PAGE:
We stop just inside the entry to ask about tents. We are assured there are some - in the 'mountaineering' department, which is on a lower level. We reach this by a wide metal stairway and immediately get lost in a maze of underwater gear that smells like a toxic plastics factory.

At the opposite end of this Ali Baba cavern of sporty goods we find a dozen erected tents, like a campsite inside a cave. They all look the same to me, so I look for some sort of oversight poster - and find it.

From this Dimitri quickly spots the tent he borrowed a dozen years ago - and, wow! it's only 300 francs. New!

To get from this panel to the standing display model to the packaged one we enlist a human being, who deftly plucks the article off a wall clogged with all of the tentphoto: finishing touches models in their sacks. The tent's rolled-up size is tiny - not much bigger than a sizeable sausage.

Sensibly enough, Dimitri wants to open it up. "How can I see what's inside?" he asks the shop guy when he comes up against the anti-shoplifting thingee.

There now, almost finished. Nothing much to it!

This marks Dimitri as a 'true camper' because these do not wait until they are 350 kilometres from Paris, in some cow pasture, with night about to fall, to ask questions like this.

We are directed to the reception area near the entry. The lady there takes off the anti-booster button, and Dimitri takes everything out and counts all the pieces. Then he rolls it all up, and it amazingly all fits back into its sack.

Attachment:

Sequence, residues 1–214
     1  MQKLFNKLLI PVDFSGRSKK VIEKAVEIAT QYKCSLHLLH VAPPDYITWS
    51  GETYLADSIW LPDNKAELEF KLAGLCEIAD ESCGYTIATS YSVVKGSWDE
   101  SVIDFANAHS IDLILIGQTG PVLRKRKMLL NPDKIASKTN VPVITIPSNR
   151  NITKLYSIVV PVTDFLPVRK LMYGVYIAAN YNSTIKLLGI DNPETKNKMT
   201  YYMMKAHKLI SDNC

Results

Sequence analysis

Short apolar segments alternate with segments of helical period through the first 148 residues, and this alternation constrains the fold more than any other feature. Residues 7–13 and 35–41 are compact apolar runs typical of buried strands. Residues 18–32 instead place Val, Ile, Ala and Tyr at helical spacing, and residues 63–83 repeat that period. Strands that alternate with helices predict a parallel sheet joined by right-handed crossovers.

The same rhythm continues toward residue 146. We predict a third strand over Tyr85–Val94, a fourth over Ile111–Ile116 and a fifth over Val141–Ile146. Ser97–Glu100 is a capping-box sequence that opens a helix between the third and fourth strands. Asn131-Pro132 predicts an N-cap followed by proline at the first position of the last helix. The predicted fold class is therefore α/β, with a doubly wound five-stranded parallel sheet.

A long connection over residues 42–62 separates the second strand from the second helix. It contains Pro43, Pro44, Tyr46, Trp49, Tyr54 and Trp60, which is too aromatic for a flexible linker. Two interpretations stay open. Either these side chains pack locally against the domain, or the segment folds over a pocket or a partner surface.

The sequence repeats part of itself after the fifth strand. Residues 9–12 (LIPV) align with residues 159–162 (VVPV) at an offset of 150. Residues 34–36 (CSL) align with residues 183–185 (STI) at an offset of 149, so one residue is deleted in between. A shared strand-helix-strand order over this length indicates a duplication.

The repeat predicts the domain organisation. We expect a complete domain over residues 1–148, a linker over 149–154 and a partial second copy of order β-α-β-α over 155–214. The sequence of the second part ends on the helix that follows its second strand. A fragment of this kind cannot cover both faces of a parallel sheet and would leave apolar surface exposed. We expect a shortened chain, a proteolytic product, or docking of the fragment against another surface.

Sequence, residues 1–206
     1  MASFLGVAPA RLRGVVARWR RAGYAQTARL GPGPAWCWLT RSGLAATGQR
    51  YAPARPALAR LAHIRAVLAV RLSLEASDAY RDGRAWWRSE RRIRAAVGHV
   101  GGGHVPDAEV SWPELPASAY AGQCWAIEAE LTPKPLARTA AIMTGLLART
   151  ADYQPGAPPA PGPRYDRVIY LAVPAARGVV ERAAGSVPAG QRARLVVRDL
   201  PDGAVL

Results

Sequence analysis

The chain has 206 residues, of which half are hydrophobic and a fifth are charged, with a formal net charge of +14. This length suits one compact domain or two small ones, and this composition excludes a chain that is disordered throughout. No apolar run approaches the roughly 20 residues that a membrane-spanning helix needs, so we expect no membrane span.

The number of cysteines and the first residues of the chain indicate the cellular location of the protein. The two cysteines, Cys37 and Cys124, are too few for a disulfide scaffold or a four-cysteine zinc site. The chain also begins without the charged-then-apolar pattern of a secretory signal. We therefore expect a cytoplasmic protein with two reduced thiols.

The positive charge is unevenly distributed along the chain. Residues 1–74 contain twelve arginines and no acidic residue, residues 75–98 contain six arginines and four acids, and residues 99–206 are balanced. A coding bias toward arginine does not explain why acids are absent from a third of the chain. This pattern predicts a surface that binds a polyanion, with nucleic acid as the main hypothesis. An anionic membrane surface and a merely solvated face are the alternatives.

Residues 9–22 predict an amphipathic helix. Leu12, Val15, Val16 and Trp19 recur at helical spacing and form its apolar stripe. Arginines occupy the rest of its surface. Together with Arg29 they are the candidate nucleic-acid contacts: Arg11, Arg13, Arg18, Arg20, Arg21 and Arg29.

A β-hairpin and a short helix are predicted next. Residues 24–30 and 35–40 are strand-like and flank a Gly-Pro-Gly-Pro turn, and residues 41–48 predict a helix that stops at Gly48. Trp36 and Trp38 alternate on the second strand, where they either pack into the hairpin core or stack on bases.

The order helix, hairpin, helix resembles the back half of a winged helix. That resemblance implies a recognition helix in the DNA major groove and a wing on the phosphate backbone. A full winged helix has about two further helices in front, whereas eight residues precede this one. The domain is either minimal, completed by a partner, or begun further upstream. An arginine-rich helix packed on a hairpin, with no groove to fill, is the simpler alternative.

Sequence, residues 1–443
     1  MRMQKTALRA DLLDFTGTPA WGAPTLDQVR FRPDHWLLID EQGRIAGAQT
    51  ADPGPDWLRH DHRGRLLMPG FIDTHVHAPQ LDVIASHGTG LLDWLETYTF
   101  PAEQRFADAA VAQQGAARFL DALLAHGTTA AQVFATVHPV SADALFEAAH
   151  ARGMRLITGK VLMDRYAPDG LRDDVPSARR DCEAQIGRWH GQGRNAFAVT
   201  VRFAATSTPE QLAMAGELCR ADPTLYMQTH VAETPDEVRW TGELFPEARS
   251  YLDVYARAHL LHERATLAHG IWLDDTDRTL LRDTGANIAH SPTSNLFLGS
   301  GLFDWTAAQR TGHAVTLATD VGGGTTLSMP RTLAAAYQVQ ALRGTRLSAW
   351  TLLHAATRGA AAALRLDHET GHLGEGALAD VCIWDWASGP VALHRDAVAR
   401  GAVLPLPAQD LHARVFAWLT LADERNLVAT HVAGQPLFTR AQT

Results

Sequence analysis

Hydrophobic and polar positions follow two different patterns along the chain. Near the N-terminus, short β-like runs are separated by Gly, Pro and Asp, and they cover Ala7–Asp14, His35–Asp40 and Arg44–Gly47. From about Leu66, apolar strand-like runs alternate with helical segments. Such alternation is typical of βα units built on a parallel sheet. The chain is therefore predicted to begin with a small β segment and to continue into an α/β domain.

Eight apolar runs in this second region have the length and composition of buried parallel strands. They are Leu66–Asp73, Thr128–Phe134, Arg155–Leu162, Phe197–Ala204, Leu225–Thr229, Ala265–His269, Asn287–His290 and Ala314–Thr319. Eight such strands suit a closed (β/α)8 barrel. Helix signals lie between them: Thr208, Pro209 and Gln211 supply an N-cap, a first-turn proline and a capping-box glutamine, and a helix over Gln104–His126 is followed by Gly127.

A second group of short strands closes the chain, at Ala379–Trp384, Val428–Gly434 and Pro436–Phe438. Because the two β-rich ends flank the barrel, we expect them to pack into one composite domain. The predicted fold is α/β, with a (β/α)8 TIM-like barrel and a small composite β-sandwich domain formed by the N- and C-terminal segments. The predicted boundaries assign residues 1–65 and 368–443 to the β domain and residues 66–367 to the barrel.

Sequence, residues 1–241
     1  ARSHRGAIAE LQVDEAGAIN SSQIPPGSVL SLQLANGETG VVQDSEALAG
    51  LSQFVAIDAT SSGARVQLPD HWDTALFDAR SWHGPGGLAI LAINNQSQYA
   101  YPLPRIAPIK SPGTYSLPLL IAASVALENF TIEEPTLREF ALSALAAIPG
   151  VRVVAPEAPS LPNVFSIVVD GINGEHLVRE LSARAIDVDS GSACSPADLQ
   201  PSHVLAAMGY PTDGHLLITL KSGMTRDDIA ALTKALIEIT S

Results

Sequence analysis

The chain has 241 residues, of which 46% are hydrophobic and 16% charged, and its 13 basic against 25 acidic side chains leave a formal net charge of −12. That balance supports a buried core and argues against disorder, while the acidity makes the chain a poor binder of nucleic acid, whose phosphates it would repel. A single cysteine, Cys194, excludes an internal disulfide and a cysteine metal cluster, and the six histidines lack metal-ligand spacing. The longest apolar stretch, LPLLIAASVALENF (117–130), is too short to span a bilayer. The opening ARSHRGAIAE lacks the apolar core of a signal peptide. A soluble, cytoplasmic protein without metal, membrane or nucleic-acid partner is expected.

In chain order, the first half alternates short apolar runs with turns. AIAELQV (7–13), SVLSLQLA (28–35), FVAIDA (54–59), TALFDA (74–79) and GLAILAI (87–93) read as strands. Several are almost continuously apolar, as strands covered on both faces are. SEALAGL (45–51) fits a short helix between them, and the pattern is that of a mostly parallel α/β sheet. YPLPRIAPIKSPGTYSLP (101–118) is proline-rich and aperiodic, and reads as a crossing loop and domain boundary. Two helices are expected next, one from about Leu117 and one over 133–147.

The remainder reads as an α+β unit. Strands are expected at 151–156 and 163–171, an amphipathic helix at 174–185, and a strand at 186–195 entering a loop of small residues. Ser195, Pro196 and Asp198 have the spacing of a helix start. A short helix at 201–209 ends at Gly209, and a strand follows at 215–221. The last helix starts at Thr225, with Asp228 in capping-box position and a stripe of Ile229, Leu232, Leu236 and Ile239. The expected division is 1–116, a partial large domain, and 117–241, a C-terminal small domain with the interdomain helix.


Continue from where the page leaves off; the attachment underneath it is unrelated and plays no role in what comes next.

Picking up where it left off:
After this stupendous success he pays for it, declines their plastic bag, and we get out of the shop and out of the shopping centre by the shortest possible route we are lucky enough to find immediately. It is a bit like leaving an excessively noisy coal mine.

Next we clear out of Les Halles area and get to a simple café I know on the other side of Rivoli - on my 'go-to-club' route - where Dimitri gets a decent sandwich and a beer. The café is called something like the 'Tour d'Argent' and it has the smallest toilet in Paris. Otherwise, it is fine and quiet and light, with big half-round 16th century windows.

The next idea is to get back to our own courtyard and try the tent out. This is another 'true camper' routine, and the courtyard is perfect for it because it is shady and roomy.

Dimitri used the borrowed tent just like this new one, a lot, so he remembers most of the moves involved with getting it up. Unrolled, he also finds that it is the color he wanted - which he didn't see at the shop.

He leaves off its second roof, because it seems redundant to bang the pin-down spikes into the courtyard's concrete surface. He sits in it, to show me that two people will fit inside, and shows me all the trick features with the door flap, thephoto: tent rolled up again mosquito screen and the ventilation screen on the other side.

After he's taken it down again I tell him the whole operation has taken about 30 minutes, and he says it can be done faster, with practice.

The trickiest part of putting up the tent is putting it back in its traveling sack.

The next day in the café, Dimitri comes in with a sack of laundry. "It doesn't get really clean," he says. I tell him all my coin-laundry tips and he says the lady who does his, folds everything up really neatly.

He drinks a small café quickly, picks up the sack and puts it down again. "I want to get to Rennes today," he says.

When I ask, he says it is about 350 kilometres. It is a long way to go in a 2-CV, but I think he can get there by dark, if he will just get out of this café, and I tell him this.

Even though he's told me all about the technical aspects of putting up a tent so that it will withstand fairly major weather, and about how one can pitch a little tent just about anywhere - you might have to ask a farmer first - and how the little car will still have room for three passengers, he still needs a little boost out of the café.

"Now," he says, "All I have to do is just get on the road." And then he's gone.